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Food!

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Comment by Napoleon Bonaparte on February 13, 2014 at 1:06pm

Nourriture industrielle

Comment by Joan Denoo on February 12, 2014 at 11:07pm

Oh great! I thought I was the only one who relished slathering my food with real butter, the kind that comes from hormone free milk. It is so good. I like your way of baking bacon, too. Sounds like an easy way to get it just right and not make a huge mess. Thanks for the lead to GOOD CALORIES, BAD CALORIES by Gary Taubes. 

I agree with your statement about the misinformation about food and what is good for us and what isn't. It feels good to be among people who don't get all freaked out about the latest food fad. 

I have butter on the prep counter along with olive oil for cooking and extra virgin olive oil for salads. They suit my taste buds just fine while doing a good job that seems to please others. I also have an assortment of vinegars that make excellent vinaigrette. 

Yes, I remember well the plastic bag full of white goo with a yellow capsule we pinched and then squeezed the bag to mix the color through it. I don't remember a form that you describe, sk8eycat.

Daniel, I would guess that several seasonings of the pans will help them release the cornbread. I seasoned my daughter's cast iron skillets while I was there, and sharpened her knives. Just little jobs I do when I visit. 

Napoleon, a lovely lady with fresh fish; would love a taste of that right now. 

Comment by sk8eycat on February 12, 2014 at 7:24pm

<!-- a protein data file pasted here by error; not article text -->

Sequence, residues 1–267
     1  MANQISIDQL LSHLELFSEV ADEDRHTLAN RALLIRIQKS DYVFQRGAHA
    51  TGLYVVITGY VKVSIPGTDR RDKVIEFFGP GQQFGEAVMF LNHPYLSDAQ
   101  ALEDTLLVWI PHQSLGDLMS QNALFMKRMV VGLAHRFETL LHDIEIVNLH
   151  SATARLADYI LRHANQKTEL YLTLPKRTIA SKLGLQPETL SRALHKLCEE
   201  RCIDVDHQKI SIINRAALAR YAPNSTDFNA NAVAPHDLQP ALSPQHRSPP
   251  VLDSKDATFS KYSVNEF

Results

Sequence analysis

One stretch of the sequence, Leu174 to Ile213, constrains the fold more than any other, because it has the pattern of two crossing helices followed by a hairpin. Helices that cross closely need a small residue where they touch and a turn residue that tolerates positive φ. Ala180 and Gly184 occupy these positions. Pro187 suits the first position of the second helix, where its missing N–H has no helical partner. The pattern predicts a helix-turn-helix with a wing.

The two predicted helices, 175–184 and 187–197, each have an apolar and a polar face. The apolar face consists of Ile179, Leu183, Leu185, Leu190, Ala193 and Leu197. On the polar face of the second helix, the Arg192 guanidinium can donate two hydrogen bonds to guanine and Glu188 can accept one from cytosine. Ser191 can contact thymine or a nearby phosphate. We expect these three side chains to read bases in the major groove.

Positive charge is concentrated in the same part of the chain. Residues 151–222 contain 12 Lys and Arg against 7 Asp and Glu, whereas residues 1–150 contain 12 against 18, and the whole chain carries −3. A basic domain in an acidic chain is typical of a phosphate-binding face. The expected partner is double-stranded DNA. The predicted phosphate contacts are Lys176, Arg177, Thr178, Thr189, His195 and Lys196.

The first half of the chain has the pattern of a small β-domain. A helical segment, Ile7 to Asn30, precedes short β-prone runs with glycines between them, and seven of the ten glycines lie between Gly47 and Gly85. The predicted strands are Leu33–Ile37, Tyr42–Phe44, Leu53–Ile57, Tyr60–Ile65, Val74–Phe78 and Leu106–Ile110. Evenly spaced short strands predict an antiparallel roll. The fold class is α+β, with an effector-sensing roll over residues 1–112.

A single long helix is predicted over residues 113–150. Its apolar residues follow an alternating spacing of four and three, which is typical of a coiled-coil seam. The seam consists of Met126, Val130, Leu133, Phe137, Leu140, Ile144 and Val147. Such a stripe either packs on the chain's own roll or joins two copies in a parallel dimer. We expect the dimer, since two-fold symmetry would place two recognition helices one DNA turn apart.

My sister won't touch butter because she's a hypochondriac; she tried Smart Balance once, and I tasted it, too, out of curiosity.  Tasted like fish oil to me.

Comment by sk8eycat on February 12, 2014 at 7:21pm

Spud, I remember white margarine with yellow food coloring in the package from when we were living at Hermosa Beach, CA, and we moved up here to Burbank a month before VE day, so it was definitely a WW2 expedient. It was against the law to sell yellow margarine so that (illiterate?) people wouldn't mistake it for the real thing. I remember we even had a plastic mold...a box with dividers that made 4 sticks of margarine after it was thoroughly mixed.  There was NO soft tub margarine then.  Some people got used to the taste of marg during those years, and never went back.
The problem with today's margarines...especially the soft type is that they can be used to melt on things, but if you try to fry with them, they turn thin and watery, and foods stick.

I am NOT worried about cholesterol and/or trans fat as measured in food...it's meaningless.  The body does not metabolize it as cholesterol. 

For frying,  use 25% butter and the rest corn oil, or something similar to keep the butter from burning.  In baking, if the recipe calls for butter, USE 100% butter...you won't notice the difference.

Comment by Idaho Spud on February 12, 2014 at 6:46pm

Felaine, I think butter is better for us than margarine also.  However, I've never liked the taste of butter as much as margarine, and still don't.

 Over the years I've tried to use more butter in cooking, but still use only about 25% butter and 75% margarine.

What do you think about the margarine I use?  It's "Smart Balance" brand, and uses Soybean, Palm, Canola, and Olive oils. 1 tablespoon (14g) has no Trans Fat, no Cholesterol, 2.5 g Saturated Fat, 3 g polyunsaturated fat, and 3g Monounsaturated fat.

Comment by Idaho Spud on February 12, 2014 at 6:11pm

Joan and Daniel, I remember my mother using white margarine and mixing it with the yellow food coloring.  It was probably in the late 1940s.

Comment by sk8eycat on February 12, 2014 at 3:41pm